Madison Weekend Cinema Roundup (10/23-10/24)

As I alluded to yesterday, this is going to be quite a weekend to see movies in Madison; what’s more, all the screenings listed below will run you a whopping $0.00 to attend. Find it in your heart to give cinema a chance.

Friday night, 7:30PM at the Cinematheque: Billy Wilder’s One, Two, Three (1961) — This one’s screening as part of the Cinematheque’s three-film series on border politics/psychology. Personally I’m not crazy about Wilder’s style, but many many are and they can’t all be wrong, can they? Anyway, One, Two, Three features James Cagney pushing up a Cold War comedy as a character named MacNamara. If this doesn’t strike your fancy, get ready for the Chantal Akerman doc that the Cinematheque will be screening next weekend as the second film in this weirdly eclectic, alluring lil’ program.

Saturday night, 7:00PM at the Overture Center: Buster Keaton’s Sherlock Jr. (1924) — This film’s title and the name “Buster Keaton” probably speak for themselves, and I’m by no means an expert on Keaton, so I’m going to abstain from providing much exposition here. Sherlock Jr. is screening as part of the Overture Center’s tragically infrequent Duck Soup Cinema series. Of all the films screening this weekend, Sherlock Jr. is the shortest (45 minutes) and perhaps the most loaded-with-yucks; thus, it just may be the best bang for your non-existent buck.

Saturday night, 7:30PM at the Cinematheque: Grigori Aleksandrov’s The Shining Path (1940) — These Aleksandrov films are getting progressively rowdier with each screening, and I fully expect this, the final film in the Cinematheque’s Aleksandrov series, to be the rowdiest yet, though it’ll certainly be tough to top the remarkably rowdy Volga-Volga. Alright, I think I’ve made my point vis-à-vis Soviet musicals and rowdiness.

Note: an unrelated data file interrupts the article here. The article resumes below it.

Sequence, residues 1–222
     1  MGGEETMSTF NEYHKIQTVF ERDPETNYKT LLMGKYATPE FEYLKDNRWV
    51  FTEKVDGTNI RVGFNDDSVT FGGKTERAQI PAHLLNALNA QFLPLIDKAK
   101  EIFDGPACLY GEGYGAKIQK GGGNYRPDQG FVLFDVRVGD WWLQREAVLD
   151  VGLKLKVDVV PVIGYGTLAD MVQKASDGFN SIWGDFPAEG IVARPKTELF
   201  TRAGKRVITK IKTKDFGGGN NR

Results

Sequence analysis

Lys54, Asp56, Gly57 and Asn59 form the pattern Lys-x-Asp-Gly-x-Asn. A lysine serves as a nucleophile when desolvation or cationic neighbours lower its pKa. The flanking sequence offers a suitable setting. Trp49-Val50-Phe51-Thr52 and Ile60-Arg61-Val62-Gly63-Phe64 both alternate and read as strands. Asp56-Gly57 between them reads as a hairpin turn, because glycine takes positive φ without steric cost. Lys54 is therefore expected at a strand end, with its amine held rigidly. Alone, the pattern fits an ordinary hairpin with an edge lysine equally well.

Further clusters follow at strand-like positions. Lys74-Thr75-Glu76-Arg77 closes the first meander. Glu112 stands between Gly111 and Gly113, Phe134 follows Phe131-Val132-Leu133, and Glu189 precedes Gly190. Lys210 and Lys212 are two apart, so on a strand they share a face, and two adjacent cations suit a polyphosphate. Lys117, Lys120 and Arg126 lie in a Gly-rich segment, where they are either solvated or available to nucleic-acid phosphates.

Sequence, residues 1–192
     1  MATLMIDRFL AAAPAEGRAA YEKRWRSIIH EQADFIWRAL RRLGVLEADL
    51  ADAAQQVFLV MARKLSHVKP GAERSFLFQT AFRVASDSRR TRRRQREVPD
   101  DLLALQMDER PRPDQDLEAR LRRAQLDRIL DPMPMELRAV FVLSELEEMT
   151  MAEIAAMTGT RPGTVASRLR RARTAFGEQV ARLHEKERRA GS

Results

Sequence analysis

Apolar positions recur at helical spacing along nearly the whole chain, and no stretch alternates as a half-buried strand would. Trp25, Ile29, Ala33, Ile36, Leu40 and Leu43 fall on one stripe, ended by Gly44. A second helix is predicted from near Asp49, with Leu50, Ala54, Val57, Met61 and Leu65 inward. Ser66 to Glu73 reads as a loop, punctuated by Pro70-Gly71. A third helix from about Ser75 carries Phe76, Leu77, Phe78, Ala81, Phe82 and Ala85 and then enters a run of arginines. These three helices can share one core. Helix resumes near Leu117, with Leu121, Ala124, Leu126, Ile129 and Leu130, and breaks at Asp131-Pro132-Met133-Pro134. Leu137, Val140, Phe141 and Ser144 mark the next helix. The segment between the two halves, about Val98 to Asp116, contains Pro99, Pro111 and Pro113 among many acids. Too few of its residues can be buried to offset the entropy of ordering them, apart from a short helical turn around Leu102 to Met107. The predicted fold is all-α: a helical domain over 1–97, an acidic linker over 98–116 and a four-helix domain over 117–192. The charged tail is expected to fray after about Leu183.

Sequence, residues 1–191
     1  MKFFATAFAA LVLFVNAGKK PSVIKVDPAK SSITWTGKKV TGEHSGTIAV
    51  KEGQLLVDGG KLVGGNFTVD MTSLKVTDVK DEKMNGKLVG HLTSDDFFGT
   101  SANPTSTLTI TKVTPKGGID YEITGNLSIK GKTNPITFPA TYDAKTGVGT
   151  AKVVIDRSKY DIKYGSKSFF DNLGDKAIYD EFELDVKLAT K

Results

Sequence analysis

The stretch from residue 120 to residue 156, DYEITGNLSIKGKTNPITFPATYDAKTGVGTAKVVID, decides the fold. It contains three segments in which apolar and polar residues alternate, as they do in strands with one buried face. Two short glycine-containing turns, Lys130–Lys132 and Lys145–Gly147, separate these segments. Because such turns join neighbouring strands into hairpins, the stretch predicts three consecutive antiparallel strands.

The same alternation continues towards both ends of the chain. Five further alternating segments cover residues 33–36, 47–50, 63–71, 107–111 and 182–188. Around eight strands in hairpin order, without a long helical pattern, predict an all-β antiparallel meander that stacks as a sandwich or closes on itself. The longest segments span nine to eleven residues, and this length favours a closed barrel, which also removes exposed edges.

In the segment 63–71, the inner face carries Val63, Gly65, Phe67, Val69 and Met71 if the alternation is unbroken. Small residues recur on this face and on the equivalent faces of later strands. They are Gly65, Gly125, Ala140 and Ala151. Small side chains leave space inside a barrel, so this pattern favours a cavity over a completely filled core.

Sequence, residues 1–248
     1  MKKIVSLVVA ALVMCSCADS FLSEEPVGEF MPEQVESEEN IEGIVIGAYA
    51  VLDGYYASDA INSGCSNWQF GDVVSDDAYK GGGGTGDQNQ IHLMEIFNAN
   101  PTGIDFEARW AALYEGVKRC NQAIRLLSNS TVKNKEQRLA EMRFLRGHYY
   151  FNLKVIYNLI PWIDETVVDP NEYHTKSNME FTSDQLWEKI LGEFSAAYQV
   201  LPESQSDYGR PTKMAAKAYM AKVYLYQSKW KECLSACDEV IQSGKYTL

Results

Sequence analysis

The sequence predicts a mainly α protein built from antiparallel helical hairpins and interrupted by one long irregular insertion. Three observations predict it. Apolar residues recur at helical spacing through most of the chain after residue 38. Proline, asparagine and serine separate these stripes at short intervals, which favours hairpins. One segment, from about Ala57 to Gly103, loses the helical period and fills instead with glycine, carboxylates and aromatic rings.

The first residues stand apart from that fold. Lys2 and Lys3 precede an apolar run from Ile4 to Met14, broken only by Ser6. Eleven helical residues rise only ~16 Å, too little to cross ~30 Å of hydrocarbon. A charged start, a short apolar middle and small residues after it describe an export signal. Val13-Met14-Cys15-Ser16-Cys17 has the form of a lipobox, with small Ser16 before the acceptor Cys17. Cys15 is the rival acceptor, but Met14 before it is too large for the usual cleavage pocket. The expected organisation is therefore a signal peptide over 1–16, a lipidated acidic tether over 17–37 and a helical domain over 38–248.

Friday and Saturday night, 7:00PM at the Play Circle Theater in Memorial Union: Fear(s) of the Dark (2009); followed by Dead Snow (2009) at 9:30PM — Well, I’m gonna pass on these two, but if you happen to like spooky stuff, Nazis, zombies, and/or Nazi-zombies, this will probably be a once-in-a-lifetime experience. If neither of these do it for ya, Zombieland is opening at the Orpheum today as well.

Saturday night/Sunday morning, midnight at the Play Circle Theater in Memorial Union: Stanley Kubrick’s A Clockwork Orange (1971) — Perhaps Kubrick’s best-known, best-liked, most-reviled puddle of dystopian, misanthropic quotability. I haven’t seen this one in a number of years, but in my estimation it’s probably worth revisiting. WUD Film finally got it pretty much right with its choice for a midnight movie, though let’s keep our fingers crossed for some much more obscure, out-there selections in the months to come.

So there you have it. For at least this weekend, Madison will be the film capital of south-central Wisconsin. Go see a free movie, you bums.

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